Most departments offer independent study courses for students with exceptional qualifications. In these courses, the work is planned specifically for each student.
Independent study courses allow the student to work independently with faculty supervision and counsel. The courses typically carry variable credit of 2 or 4 points each term. They are normally limited to upper-class majors but may be open to other well-qualified students. To register for independent study, a student must have written approval of the director of undergraduate studies of the department in which the course is offered. The result of the independent study course should be a paper or objective, tangible evidence of completion of the work. The individual departments may grant credit for not more than 8 points of independent study for work approved in advance. In general, students are not permitted to take more than 12 points of independent study and/or internship, and no more than 8 points may be taken in any one department. Internships and/or independent study courses taken in other divisions of the University or at other universities do not count toward the College degree.
More specific information can be found under the individual departmental sections.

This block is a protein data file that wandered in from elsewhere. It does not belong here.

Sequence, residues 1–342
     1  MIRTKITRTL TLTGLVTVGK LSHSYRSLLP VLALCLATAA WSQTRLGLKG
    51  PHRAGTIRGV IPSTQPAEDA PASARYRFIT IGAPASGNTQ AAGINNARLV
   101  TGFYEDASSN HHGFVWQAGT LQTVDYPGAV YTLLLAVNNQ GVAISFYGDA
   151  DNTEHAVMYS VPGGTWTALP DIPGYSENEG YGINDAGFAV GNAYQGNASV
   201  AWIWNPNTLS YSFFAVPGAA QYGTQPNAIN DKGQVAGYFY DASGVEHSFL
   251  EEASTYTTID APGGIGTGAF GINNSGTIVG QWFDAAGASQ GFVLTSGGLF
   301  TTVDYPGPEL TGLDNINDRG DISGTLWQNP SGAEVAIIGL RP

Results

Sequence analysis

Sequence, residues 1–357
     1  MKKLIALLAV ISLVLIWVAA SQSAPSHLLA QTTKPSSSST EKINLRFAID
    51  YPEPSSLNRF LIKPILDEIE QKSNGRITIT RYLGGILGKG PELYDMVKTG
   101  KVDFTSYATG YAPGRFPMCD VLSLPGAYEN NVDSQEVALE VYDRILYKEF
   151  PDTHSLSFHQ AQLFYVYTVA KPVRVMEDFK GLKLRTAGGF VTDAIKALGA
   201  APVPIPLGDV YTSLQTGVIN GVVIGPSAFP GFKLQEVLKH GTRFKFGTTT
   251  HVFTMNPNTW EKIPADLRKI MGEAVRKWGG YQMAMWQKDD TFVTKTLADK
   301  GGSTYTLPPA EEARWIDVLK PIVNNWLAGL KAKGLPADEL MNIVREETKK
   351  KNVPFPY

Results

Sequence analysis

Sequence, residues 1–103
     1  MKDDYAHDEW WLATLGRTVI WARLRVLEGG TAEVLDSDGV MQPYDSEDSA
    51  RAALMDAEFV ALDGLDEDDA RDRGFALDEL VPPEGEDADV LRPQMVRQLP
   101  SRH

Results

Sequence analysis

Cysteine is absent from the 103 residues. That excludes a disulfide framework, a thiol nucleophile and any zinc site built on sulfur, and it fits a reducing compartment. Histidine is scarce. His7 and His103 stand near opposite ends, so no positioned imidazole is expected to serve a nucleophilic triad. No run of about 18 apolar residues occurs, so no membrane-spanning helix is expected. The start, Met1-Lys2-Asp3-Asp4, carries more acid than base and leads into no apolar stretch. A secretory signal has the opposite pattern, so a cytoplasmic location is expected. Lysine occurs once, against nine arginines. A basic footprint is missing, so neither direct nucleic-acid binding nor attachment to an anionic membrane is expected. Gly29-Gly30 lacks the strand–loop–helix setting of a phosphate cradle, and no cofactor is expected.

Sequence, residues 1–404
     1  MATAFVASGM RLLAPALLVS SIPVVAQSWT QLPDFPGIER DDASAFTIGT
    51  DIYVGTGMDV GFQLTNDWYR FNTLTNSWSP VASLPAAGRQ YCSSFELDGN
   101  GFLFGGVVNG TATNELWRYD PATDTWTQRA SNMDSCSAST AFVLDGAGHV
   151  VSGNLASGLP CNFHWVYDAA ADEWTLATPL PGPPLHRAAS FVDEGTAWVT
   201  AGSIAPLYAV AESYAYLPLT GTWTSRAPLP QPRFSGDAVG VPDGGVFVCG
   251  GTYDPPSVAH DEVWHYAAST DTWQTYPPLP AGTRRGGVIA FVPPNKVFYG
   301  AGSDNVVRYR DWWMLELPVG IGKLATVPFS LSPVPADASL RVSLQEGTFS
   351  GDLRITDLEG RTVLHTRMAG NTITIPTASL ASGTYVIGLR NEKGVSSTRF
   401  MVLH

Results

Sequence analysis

Credit for Transfer Students
Students are allowed to transfer up to 64 credits to the College and must present official college transcripts. Credits based on semester hours are accepted from other institutions at face value and are not altered when they are transferred into the College. Quarter hours will be converted to semester hours to determine the number of credits transferable to the College of Arts and Science. Non-liberal-arts credits are not always transferable, and transfer credit is never awarded for independent study or internship courses. Only credits for course work taken with a grade of C or better will be transferred. Courses taken for a pass/fail grade will not transfer to the College.
Internal and external transfer students to the College must complete 64 credits in CAS (-UA) courses; courses taken in the other divisions and schools of NYU (including NYU Abu Dhabi and Shanghai) cannot count toward this 64-credit requirement.
Credit for Non-NYU Study Abroad
Credits based on semester hours (similar to schools in the United States) are accepted from institutions abroad at face value and are not altered when the credits transfer into the College. Often credits from institutions abroad must be adjusted or converted to correspond to the College's requirements for awarding credits. Approval to participate in a non-NYU study abroad is only obtained by completing an academic proposal. Petitions are filed through the Office of the Associate Dean for Students, 726 Broadway, 7th floor; 212-998-8140; http://cas.nyu.edu/academic-standards.
When students receive approval to participate in a non-NYU program abroad, the specific courses they will take are approved and the number of transfer credits they will receive is specified.
Credit for Online Courses